OCS also provides a similar sort of functionality as services such as Google's GrandCentral, which allow users to integrate all their phone numbers. Users can register their mobile phones and other devices with OCS; they then receive calls simultaneously on all registered endpoints and can choose which to answer. Through the Enterprise Voice client software, users can also choose whether to forward unanswered calls to another number or log them for notification.
In addition, the voice functionality doesn't limit users to calling within the local area network. Users with Internet connections can call into the office remotely. They don't have to use a VPN or pay long-distance charges.
Cost savings go beyond substituting VoIP for PSTN calls. When calls do need to go through the PSTN, Enterprise Voice uses least-cost algorithms to determine how to route those calls.
Based on the SIP standard, OCS offers integration with a company's existing IP PBX if it supports SIP and native PBX integration. That means users can use existing handsets to make and take phone calls, as well as Office Communicator 2007 on their computers.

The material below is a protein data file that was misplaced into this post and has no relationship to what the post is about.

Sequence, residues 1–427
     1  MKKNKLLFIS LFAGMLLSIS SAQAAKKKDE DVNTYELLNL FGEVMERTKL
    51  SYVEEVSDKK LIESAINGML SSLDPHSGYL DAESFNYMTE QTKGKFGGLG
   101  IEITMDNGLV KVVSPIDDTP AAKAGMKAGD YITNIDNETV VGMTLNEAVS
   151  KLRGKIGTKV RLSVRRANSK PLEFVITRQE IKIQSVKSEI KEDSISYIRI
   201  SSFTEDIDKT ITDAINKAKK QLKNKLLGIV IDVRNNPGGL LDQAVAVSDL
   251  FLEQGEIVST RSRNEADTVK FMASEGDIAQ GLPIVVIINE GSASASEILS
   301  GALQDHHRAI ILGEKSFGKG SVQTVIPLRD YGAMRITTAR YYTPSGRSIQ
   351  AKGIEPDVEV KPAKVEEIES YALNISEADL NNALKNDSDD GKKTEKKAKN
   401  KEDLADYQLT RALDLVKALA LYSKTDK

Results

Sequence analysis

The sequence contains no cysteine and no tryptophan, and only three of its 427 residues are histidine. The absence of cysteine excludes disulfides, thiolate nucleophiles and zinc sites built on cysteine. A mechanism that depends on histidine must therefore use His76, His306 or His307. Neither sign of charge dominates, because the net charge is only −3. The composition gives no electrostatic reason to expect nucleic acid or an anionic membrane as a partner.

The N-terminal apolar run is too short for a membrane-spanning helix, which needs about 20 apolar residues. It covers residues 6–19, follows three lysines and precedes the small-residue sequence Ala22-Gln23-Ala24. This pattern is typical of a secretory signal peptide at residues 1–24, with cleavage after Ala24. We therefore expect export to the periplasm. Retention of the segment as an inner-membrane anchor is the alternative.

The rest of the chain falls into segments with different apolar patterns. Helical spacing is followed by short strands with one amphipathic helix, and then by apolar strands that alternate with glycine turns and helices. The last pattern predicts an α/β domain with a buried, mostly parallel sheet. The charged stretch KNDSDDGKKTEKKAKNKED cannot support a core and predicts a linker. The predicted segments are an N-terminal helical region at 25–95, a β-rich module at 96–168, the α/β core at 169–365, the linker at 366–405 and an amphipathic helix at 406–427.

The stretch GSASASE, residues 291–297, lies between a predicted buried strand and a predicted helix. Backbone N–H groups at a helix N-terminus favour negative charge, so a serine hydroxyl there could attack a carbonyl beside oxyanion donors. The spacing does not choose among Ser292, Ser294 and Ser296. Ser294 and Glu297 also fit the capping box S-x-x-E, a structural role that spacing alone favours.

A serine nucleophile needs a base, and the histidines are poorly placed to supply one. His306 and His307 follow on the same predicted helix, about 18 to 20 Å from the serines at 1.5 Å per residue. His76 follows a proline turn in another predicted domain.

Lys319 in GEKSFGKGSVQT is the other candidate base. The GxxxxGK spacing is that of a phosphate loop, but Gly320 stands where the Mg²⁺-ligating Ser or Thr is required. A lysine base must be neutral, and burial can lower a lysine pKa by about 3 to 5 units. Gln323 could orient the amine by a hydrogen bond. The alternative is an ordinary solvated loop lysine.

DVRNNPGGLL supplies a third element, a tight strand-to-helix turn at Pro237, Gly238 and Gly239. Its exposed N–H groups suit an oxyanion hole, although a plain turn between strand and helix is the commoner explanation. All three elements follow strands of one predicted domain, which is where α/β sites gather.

A mediation server mediates signaling and media between the OCS and PBX systems. It's necessary if you're using a basic media gateway. If you have an advanced media gateway, however, the gateway handles mediation, and you don't need a mediation server. Media gateways are devices that translate the signaling and media between the Enterprise Voice software and the PSTN.
When the PBX routes calls to users, it also sends the call to OCS. OCS then routes the call to the user's registered SIP endpoints while the PBX sends it to the PBX phone on the user's desk.
Another option is to set up OCS to handle phone calls for an individual department within a company while the rest of the company uses the existing PBX. This allows you to roll out OCS in increments within the organization and/or to deploy OCS only for those groups that need its features.
A media gateway can connect the OCS/VoIP group with the PBX. The members of these groups don't necessarily have to be in the same physical location. If the team members are in disparate locations, they can use OCS for communications, which can save a significant amount of money in long-distance charges.